Sarah Blackman

What happened in what we now know to be the final years of the city was a form of spread, characterized by a wavering, uncertain sideways movement quite in contrast to the sturdy on and up we had previously enjoyed. At first it was just the sidewalks, a few more blocks between home and the park and the lonely, staunchly manned hot-dog stand. Then it was miles. An endless expanse of concrete. You couldn't see the park; the hot-dog man?—a boundless memory. Logically, this would have eventually marooned us, a situation for which you can be assured we prepared. On Sundays, Jane and I would take the car out of the garage—tipping the boy who sat behind the Plexiglas heavily because we suspected he now lived in his little booth—and drove the thirteen, or fourteen or twenty-five miles to the Italian grocer who stocked the kind of salami Jane liked and also carried tubs of purified water that I, with the help of Marco the bag boy, hauled one by one to the car.
      In time, we realized even the Italian grocer would be depleted of his horde—the waxy slabs of salami sliced invisibly thin, rolls and bread sticks reduced to bitter crumbs—and we busied ourselves imagining back up plans, possible eventualities; roof top gardens and the like. But then the spaces started to fill again. The process was gradual at first: a tree here, a park bench there, but one morning a whole building appeared (a squat brownstone with a tendril of smoke ribboning from its chimney) then several, then a block. They were nothing we had ever seen before. Buildings, yes, made of concrete and glass, steel and brick, but strange somehow. Untenable. They were solid enough, I bruised my knuckles knocking on their walls, but they looked almost like mirages—things make solely of smoke and heat.
      Jane and I huddled in bed, talking late into the night and listening to the music from the discotheque that was now outside our window. We decided that the buildings were a product of warp, of the stretch in the fabric of the city. It was a sort of plaid effect—spaces had been made, lines of horizontal opportunity, and here were the inevitable, necessary forms to fill them. It was a natural process, a form of evolution. Meanwhile, a Jewish Deli had popped up three blocks down and the ghostly stacks of water bottles in our cupboard dwindled.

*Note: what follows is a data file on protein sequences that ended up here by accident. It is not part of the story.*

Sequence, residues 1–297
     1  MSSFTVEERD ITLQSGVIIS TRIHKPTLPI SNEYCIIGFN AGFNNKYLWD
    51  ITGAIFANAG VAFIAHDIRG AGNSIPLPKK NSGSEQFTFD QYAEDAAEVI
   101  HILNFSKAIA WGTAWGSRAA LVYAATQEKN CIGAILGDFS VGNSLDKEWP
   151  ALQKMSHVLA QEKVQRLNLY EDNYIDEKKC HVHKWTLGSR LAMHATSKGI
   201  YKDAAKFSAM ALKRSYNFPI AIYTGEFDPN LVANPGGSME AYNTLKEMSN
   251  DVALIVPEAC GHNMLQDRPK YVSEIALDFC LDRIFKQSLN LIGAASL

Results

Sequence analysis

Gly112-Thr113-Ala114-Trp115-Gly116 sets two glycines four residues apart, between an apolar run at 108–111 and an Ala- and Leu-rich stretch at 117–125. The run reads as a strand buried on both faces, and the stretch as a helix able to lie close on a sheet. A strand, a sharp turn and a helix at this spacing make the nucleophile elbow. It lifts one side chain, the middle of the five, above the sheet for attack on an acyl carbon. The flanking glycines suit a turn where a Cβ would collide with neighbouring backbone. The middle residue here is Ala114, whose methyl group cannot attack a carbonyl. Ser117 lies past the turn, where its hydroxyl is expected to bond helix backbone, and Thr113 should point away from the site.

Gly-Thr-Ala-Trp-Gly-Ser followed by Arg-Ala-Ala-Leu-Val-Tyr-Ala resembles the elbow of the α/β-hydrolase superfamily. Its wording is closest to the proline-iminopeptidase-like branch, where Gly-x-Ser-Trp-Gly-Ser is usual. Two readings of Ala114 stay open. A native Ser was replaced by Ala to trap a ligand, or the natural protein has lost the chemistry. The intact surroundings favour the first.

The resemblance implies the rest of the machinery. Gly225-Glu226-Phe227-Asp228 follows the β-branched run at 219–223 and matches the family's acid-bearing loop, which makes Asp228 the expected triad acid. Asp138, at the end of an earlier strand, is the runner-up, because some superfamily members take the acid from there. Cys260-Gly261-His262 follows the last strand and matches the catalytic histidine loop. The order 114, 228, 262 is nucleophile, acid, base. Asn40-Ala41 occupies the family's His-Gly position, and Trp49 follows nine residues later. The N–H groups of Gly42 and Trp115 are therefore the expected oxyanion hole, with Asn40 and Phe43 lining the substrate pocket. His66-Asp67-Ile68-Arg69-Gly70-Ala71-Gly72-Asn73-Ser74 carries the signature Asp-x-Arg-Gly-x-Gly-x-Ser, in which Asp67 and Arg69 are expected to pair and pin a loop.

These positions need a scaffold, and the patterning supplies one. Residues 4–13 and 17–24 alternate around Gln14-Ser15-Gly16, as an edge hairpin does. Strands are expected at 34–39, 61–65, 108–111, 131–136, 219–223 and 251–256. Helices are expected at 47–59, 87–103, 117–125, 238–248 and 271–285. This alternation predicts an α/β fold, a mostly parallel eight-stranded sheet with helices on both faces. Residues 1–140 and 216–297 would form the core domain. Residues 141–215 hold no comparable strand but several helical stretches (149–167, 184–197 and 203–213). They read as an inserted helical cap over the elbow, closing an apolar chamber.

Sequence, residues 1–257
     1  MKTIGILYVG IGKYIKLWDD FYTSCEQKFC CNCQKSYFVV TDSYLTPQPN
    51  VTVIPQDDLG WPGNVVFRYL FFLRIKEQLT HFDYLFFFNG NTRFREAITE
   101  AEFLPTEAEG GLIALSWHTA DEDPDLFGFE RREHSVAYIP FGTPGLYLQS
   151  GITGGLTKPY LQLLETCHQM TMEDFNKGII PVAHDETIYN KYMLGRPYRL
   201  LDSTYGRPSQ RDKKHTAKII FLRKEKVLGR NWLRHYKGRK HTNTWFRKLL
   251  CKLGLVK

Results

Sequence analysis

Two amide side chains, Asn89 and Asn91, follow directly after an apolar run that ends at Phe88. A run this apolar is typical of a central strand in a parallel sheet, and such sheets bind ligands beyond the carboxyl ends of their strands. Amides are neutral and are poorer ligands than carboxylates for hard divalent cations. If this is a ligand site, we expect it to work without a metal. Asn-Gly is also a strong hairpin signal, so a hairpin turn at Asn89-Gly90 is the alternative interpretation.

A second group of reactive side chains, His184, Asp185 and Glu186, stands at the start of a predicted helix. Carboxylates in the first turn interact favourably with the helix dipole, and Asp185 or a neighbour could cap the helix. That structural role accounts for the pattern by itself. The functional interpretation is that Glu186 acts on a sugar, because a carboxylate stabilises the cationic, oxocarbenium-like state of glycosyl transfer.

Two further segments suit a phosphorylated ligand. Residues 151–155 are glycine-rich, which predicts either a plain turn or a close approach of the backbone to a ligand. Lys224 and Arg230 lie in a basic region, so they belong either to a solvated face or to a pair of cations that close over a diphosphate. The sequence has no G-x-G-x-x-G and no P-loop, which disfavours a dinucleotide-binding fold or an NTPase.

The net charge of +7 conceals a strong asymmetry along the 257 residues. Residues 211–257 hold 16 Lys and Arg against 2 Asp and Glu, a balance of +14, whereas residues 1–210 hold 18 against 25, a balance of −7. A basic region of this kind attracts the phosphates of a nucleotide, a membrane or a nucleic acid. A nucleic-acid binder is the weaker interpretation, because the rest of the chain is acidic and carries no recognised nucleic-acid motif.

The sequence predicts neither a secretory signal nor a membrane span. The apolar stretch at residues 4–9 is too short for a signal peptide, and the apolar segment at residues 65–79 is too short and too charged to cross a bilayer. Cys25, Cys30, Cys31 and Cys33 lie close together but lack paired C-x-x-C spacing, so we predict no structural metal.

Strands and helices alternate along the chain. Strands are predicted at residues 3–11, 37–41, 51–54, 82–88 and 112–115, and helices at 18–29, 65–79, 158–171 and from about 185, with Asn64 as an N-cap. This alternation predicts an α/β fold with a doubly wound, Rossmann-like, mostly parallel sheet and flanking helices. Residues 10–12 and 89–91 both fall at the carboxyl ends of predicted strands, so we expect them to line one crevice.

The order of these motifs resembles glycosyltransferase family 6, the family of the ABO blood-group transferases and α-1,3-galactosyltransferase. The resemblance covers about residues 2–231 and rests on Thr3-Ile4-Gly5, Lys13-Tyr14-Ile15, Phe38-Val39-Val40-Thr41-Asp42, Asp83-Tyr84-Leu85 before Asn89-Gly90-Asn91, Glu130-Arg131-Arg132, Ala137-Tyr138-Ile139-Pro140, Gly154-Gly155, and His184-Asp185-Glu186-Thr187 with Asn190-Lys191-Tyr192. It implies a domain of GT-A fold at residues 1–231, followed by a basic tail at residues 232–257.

One morning, I woke up early to the smell of bread baking and delivery men shouting and clanging the gate of their truck. "A bakery!" I thought. "Just what we were missing," and turned to nudge Jane awake. She was burrowed under the covers, as she did even on hot nights, with a tent of sheet held over her face by one elbow. I was gentle, I remember even in my extremity I was tender, filled as I was with visions of freshly baked bread, but when I pulled back the sheet I remember thinking that were I a lesser man I would have screamed or clouted the woman on the head with my fist. For it was a woman there—beautiful in her way, with dark hair and fine wrinkles spreading from the corners of her eyes. It was a woman, wifely too, but not Jane.
      The next few hours are blurred and opaque. The scent of bread peaked and dwindled; the sun broke over the top of the next building and went from gray to visible, almost solid, bars of gold across the hard wood of our bedroom floor. The woman, the not-Jane in my bed, slept on and I—in the chair across the room, crouched just below her pillow, making an automatic pot of coffee in the kitchen—spanned through a series of vague, desperate, nauseating suppositions that always ended in total inconsequentialities. What would we have for breakfast? I thought at one point. What would we do when it came time for her to unfold the newspaper among the jumbled wreckage of our breakfast table and do the crossword, and for me to object that she always got to do the crossword and her to say, "For God sake's Robert, buy another newspaper. We do this every day." I had gotten all the way up to bed time again and the horrors of tooth brushing vs. mirror vantage positioning when the not-Jane awoke.